Putting the Vivosmart 5 against the Apple Watch Series 7 when tracking a 40-minute walk, I found that both matched on the average heart rate and total calories burned, suggesting the accuracy across both devices is good. Across other workout types, the devices usually matched up too, but it’s important to have the Vivosmart 5 tightly against your wrist for precise heart rate tracking. If it’s even a little loose, it can misread, something that affects blood oxygen readings and heart rate overnight.

It’s this depth of data that makes wearing the Vivosmart 5 worthwhile, even if the design doesn’t initially make you keen to strap it on.

Comparing the Vivosmart 5’s sleep tracking with the Oura Ring, the Garmin tracker recorded a longer period of “sleep” than the Oura Ring, as it did not recognize when I was awake in the morning. However, the Oura Ring continues to think I’m awake during the night when I’m not, something the Garmin avoids.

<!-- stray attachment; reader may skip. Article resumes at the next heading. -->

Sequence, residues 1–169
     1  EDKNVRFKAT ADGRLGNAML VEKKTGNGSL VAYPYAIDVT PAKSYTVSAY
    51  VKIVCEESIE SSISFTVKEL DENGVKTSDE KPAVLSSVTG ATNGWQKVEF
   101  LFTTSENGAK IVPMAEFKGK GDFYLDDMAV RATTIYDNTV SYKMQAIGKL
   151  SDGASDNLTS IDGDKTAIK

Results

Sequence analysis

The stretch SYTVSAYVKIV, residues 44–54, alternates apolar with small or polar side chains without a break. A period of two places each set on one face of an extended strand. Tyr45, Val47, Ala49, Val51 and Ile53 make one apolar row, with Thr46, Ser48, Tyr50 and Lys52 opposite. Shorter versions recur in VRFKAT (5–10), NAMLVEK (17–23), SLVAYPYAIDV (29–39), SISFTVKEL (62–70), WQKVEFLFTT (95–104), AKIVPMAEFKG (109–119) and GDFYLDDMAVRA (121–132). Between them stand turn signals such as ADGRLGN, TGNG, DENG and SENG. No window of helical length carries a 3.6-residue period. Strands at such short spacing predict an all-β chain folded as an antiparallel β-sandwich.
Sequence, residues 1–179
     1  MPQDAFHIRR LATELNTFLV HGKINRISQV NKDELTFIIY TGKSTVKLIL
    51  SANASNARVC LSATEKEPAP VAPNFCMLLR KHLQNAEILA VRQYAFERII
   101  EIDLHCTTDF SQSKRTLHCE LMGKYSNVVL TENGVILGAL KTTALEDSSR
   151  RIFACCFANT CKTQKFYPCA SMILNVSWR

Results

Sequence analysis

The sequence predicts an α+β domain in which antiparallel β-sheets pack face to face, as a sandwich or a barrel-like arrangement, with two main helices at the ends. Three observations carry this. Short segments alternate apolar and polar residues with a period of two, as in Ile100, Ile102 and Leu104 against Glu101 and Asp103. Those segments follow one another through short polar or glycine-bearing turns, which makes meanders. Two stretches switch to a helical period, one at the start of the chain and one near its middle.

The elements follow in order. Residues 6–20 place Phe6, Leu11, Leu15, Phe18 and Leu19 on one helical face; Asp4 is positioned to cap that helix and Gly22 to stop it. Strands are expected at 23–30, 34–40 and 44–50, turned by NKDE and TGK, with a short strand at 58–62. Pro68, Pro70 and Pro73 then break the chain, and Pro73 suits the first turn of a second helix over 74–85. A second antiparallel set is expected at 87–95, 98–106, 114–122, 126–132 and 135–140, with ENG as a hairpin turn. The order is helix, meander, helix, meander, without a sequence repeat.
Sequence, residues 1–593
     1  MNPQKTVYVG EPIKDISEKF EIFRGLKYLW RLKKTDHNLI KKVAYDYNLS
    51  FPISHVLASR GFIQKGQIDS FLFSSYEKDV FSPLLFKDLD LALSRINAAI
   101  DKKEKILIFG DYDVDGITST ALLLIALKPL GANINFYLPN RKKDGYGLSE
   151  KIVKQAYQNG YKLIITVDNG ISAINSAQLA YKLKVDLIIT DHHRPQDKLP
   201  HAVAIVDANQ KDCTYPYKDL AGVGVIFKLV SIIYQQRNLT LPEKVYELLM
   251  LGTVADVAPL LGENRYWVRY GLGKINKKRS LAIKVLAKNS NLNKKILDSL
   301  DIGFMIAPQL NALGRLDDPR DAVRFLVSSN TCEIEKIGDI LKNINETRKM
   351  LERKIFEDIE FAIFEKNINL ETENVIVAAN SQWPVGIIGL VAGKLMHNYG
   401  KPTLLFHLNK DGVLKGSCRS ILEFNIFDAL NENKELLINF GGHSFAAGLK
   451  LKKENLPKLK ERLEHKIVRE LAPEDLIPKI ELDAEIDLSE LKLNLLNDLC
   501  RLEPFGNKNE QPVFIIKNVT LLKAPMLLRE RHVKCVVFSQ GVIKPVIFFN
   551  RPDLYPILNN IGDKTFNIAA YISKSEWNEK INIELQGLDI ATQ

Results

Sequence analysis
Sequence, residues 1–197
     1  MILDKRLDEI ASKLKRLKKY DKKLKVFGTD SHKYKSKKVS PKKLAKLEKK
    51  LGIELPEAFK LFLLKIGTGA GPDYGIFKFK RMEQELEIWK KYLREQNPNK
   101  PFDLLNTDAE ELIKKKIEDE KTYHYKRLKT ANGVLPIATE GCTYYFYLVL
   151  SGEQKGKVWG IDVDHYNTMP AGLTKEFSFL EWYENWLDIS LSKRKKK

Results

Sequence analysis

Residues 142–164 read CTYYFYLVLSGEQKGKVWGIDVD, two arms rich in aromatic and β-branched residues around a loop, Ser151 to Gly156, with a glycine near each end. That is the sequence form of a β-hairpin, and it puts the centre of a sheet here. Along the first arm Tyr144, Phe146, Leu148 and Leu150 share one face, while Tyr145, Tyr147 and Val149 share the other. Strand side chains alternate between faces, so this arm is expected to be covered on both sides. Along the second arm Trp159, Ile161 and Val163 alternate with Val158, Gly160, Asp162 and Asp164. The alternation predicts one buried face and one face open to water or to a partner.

The Garmin gave my 7-hour, 42-minute sleep a 95/100 sleep score, while the Oura measured 7-hours, 21-minutes for an 83/100 score. The heart rate estimate was very different from the Oura, with the lowest recorded being 9 beats per minute, which seems unlikely, as the Oura Ring didn’t see anything lower than 47brpm. The sleep-tracking discrepancy would almost certainly be cured by wearing the band more tightly, but I find this uncomfortable. Worn loosely, I didn’t notice the Vivosmart 5 at all at night.

Operating system and notifications

The Vivosmart 5 is controlled using a touchscreen and a single button on the front. Your current stats are all hidden under a branched menu, so you have to swipe and tap a few times to see them. Press the button to access the main menu and find workouts, as well as the heart rate measurement feature, a way to change the watch face, and set timers. It’s very responsive, and once you’re used to the layout, it’s fast to find what you’re looking for.

Garmin Vivosmart 5 worn on a man's wrist, showing the step count.